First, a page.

Once the "HangFire" database is created, we are going to configure it as a contained database. So right click your new HangFire database and click "New Query". We are going to modify the database, create schema, create user with login password, then authorize user to create tables.

My SQL Server was not configured for contained databases so I included it below commented out if you need to change yours.

--USE [master]
--GO

--EXEC sp_configure 'CONTAINED DATABASE AUTHENTICATION', 1
--GO

--RECONFIGURE
--GO

ALTER DATABASE [HangFire] SET CONTAINMENT = PARTIAL
GO

USE HangFire
GO

CREATE USER [HangFire] WITH PASSWORD = 'HangFireIsAwesome'
GO

IF NOT EXISTS (SELECT 1 FROM sys.schemas WHERE [name] = 'HangFire') EXEC ('CREATE SCHEMA [HangFire]')
GO

ALTER AUTHORIZATION ON SCHEMA::[HangFire] TO [HangFire]
GO

GRANT CREATE TABLE TO [HangFire]
GO

Assuming you get no errors and don't need to troubleshoot Sql Server related issues, we are going to verify that the SqlServer allows SQL Server and Windows Authentication mode.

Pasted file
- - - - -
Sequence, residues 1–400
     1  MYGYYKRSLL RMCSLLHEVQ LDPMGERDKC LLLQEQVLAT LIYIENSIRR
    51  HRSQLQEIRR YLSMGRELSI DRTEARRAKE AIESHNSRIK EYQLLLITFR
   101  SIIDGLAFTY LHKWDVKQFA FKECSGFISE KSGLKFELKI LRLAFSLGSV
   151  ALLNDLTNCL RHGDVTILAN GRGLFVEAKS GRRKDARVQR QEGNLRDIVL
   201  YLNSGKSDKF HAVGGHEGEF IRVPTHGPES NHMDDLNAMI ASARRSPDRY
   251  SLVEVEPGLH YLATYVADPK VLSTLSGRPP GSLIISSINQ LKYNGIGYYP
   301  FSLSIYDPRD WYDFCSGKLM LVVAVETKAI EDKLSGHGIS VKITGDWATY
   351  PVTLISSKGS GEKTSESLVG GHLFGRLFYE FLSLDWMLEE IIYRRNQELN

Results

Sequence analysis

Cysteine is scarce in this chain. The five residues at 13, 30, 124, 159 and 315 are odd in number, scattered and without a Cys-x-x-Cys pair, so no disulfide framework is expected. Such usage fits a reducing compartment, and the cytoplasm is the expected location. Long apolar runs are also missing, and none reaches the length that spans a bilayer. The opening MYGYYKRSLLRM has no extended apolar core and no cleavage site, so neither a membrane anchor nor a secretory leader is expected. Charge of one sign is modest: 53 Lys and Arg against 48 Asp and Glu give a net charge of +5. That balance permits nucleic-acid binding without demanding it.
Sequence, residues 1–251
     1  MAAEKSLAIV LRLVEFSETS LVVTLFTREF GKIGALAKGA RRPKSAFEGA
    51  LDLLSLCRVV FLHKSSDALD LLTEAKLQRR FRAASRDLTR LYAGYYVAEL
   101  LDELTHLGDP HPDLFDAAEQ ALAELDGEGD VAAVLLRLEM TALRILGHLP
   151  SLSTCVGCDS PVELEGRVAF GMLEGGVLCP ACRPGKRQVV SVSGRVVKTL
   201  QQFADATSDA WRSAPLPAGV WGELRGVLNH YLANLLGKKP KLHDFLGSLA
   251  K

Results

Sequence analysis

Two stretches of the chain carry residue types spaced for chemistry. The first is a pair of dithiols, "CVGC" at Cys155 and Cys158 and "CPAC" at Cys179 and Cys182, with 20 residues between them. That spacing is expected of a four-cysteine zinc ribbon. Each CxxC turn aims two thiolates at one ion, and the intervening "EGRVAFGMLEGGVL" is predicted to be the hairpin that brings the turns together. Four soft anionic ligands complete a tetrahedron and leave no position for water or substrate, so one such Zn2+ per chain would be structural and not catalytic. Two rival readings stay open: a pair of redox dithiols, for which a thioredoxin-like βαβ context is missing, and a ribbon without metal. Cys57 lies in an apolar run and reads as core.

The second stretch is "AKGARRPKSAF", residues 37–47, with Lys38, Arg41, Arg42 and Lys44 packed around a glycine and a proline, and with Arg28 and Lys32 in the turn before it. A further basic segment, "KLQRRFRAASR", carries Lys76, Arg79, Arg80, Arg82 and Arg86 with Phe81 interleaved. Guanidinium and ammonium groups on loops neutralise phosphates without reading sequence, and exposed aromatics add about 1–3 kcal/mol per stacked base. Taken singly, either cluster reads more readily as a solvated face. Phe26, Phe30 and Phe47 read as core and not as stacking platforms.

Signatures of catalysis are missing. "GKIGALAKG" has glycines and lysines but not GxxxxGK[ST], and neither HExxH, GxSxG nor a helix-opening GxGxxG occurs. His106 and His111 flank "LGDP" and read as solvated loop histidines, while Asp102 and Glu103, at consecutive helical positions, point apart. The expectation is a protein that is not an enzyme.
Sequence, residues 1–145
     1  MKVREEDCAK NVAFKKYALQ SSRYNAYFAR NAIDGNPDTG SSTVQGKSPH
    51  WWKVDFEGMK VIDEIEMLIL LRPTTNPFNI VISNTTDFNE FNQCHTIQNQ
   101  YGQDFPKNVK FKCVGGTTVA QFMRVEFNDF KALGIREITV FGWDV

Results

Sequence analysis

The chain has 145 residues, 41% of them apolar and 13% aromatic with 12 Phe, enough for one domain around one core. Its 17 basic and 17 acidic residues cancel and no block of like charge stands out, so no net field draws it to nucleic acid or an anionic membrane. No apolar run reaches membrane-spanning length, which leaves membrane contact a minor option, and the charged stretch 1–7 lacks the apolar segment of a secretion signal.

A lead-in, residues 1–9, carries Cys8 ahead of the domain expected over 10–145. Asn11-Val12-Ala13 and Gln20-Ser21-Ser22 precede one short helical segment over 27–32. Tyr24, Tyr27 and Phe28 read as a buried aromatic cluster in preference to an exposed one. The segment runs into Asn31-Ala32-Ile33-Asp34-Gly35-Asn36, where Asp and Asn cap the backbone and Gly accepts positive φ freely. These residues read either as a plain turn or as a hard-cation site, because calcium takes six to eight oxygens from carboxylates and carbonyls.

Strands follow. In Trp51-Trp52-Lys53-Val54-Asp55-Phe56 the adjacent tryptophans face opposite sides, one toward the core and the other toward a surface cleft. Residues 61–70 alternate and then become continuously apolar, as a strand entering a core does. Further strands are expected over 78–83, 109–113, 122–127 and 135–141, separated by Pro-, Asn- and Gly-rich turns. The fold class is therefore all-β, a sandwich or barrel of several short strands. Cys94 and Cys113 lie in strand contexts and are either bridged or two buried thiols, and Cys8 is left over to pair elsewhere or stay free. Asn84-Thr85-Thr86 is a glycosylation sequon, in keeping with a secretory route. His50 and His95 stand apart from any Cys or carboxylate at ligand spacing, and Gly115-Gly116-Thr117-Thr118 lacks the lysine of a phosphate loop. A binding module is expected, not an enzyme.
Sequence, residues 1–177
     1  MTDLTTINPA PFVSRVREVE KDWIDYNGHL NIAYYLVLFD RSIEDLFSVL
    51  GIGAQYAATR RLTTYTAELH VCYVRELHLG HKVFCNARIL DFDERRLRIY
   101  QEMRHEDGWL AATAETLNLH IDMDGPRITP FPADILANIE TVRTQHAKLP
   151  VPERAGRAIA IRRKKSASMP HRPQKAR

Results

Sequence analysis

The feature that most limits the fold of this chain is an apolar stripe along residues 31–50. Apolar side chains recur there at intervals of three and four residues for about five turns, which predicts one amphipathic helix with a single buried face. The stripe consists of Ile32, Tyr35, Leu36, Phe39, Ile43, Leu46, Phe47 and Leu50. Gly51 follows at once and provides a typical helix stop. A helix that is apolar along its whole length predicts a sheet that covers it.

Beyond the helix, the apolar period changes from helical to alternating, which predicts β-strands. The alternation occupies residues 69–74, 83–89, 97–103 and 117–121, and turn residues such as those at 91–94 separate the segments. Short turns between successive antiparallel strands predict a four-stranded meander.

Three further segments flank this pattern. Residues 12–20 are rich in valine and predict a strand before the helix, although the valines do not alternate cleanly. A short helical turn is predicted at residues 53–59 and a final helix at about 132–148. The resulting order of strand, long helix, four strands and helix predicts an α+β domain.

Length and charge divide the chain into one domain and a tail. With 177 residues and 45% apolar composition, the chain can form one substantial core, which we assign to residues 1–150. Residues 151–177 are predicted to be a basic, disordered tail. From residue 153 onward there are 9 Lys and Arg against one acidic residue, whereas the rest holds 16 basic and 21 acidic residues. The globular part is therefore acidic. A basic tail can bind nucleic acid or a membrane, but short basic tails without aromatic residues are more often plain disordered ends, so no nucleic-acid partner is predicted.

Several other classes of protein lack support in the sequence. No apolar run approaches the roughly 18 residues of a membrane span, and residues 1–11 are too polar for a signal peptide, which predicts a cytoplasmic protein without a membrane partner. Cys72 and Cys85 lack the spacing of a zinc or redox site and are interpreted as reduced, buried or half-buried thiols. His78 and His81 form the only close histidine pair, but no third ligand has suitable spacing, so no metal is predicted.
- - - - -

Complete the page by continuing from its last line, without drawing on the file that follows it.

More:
Make note of the user we created above called "HangFire" and the ultra secure password "HangFireIsAwesome".


Alternatively, you could have just made your integrated user (service account) or yourself dbowner and then fired up HangFire with Integrated Security=true; and not had to run any of the above Sql Script.


Now For The AppSettings.Json

I won't be going into setting up multiple environments as it is a little outside the scope of this article. When you add a new Json Configuration file, be sure to check the file properties to "Copy Always" to the output directory or your file will not be found. Make sure both projects have a copy of the file.

{
    "ConnectionStrings": {
        "HangFire": "Data Source=(local);Initial Catalog=HangFire;User Id=HangFire;Password=HangFireIsAwesome;Integrated Security=SSPI;"
    }
}

Alternative Connection String with Integrated Security

{
    "ConnectionStrings": {
        "HangFire": "Data Source=(local);Initial Catalog=HangFire;Integrated Security=true;"
    }
}

Multiple Project Startup

Set both projects to startup together. The Server will be slow on first run as it is creating the appropriate Server Objects it needs.


Client Output

Server Output


Summary

That's pretty much all there is to it. You can now build a distributed processing bot network and take down <Insert Latest Boycotted Company>'s website... or you know offload sending out emails.

You can find the above Solution and Projects hosted at GitHub.


Additional Hangfire Reading

Hangfire.io - Processing Background Jobs
Hangfire.io - Placing Processing Into Another Process
Hangfire.io - Using Sql Server
Hangfire.io - Processing Jobs In A Console Application
Hangfire.io - Configuring The Degree of Parallelism
Hangfire.io - Dealing With Exceptions
Hangfire.io - Best Practices